"Amavas" | Scrappy and tedious fare

 8 Feb 2019 3:19 PM GMT  |  IANS

Scrappy and tedious fare

Director Bushan Patel’s Amavas will surely top the catalogue as the worst horror-action-thriller in recent times.

Set in the UK, the film begins with an expressionless Karan Ajmera (Sachiin Joshi) wanting to surprise his girlfriend Aahana (Nargis Fakhri) by taking her to an exotic location for a holiday with intention of proposing marriage.

But Aahana, after stumbling upon pictures of an abandoned castle in one of Karan’s old album, insists on visiting it. Karan is reluctant but agrees to take her there after being coaxed by his mother.

The spooky, abandoned castle, happens to be the Ajmera summer home and it has its own history.

This sets the ball rolling for a freewheeling ride of ineffective horror tropes that range from: nightmares to supernatural activities to shadow scares and jump-cuts to non-diegetic sounds of heavy footsteps, creaking doors and tolling of church bells.

The card-board thin plot meanders. The first half of the narrative is pure pain. The third act picks up momentum but gets entangled in its own convoluted logic and as such the film appears to be an unintentional comedy. Equally tedious is the denouement.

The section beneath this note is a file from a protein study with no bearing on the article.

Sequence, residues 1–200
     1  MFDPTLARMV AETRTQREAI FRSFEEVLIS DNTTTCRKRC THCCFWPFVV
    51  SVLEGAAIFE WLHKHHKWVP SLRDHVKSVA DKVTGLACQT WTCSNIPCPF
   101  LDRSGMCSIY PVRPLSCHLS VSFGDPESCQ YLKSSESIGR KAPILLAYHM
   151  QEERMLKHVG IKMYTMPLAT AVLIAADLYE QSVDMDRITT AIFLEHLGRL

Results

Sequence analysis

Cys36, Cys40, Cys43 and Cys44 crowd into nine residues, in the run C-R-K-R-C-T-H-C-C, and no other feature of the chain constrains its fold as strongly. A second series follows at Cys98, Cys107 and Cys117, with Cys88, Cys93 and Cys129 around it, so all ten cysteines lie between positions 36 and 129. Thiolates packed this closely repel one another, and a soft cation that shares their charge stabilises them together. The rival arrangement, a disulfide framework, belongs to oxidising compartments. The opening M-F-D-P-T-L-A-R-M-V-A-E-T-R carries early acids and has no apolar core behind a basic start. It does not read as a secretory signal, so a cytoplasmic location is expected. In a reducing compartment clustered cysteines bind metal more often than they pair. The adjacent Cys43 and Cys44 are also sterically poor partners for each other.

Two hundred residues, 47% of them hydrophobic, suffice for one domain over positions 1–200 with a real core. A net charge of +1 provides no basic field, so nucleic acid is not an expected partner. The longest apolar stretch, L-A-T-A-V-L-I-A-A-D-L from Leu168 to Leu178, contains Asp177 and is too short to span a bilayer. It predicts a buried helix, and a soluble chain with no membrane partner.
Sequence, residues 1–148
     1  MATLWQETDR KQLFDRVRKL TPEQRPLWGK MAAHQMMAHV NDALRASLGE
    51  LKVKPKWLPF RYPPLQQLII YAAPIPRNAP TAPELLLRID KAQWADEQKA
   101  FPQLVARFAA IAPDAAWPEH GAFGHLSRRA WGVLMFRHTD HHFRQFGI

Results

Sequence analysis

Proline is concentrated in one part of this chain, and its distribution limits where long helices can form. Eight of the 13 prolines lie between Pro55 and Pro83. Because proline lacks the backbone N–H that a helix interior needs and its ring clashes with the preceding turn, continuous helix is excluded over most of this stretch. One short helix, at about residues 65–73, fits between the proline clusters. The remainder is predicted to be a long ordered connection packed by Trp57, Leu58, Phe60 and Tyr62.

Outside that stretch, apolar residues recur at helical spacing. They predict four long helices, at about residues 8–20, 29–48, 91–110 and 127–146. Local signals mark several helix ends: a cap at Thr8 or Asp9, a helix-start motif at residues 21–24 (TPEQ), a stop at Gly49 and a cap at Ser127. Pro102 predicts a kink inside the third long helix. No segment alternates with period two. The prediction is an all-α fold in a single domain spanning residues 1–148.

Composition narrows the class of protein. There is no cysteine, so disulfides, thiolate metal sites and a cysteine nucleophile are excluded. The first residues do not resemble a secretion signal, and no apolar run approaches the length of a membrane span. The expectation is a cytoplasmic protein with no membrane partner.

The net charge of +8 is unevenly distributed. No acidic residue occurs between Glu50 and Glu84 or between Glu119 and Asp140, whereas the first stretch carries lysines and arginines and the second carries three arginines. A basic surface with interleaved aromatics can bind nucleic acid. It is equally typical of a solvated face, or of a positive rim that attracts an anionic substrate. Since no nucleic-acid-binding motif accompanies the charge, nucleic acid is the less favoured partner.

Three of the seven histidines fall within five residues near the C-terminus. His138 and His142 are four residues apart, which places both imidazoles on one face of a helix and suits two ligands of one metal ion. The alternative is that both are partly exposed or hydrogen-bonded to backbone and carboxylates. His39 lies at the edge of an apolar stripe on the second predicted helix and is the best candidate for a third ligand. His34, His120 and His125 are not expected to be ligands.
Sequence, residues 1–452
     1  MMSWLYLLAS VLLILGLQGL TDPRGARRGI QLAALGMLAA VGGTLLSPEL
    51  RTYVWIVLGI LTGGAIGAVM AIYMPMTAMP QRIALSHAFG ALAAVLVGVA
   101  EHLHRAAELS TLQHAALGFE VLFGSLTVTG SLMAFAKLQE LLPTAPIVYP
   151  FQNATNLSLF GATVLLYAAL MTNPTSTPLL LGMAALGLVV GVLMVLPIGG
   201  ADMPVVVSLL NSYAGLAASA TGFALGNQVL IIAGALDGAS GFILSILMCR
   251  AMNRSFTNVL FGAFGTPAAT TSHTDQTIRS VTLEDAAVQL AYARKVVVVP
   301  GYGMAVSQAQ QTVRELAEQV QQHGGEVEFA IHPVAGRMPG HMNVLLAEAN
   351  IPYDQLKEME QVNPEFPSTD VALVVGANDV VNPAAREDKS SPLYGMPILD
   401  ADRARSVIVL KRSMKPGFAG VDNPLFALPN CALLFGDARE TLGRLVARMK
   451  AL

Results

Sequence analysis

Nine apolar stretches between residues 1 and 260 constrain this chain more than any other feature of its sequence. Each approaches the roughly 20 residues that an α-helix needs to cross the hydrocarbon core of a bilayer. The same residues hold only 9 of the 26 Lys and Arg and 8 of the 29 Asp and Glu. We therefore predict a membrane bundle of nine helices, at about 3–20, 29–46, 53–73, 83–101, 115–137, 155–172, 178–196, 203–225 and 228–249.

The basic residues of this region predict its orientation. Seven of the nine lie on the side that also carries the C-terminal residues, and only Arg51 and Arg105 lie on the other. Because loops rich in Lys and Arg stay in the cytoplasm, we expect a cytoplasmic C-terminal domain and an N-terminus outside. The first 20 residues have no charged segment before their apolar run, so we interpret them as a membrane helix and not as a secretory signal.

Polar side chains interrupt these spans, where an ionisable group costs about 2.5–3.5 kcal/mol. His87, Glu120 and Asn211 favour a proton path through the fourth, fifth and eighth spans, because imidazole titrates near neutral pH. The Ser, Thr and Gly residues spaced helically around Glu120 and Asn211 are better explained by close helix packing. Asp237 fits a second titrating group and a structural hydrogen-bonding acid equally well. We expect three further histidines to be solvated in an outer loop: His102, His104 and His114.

If the story is absurd and thoughtlessly crafted, the dialogues are pure garbage. On the performance front, Sachiin Joshi lacks screen presence and energy. As Karan, he is totally unimpressive.

Ali Asgar, armed with facial prosthetic, is unrecognisable. As the talkative butler Goti, he is interesting and amusing, but is wasted in a poorly crafted role.

Nargis Fakhri as Karan’s girl-friend Aahana, Mona Singh as the psychiatrist Shivani, Vivan Bhatena as Karan’s friend Sameer and Navneet Kaur Dhillon as Karan’s ex-girlfriend Maya, are all perfunctory.

Visually, the screen is plastered with dark frames to create an eerie atmosphere, but in the bargain what you get is bland darkness that robs you of all the visual delight.

The special effects are the only saving grace that offers some insanely eruptive imagery but they are lost in the dull and absurd telling. Overall, there are no squeamish moments in the film hence, it is advisable to stay indoors than to venture out to see this Amavas. 

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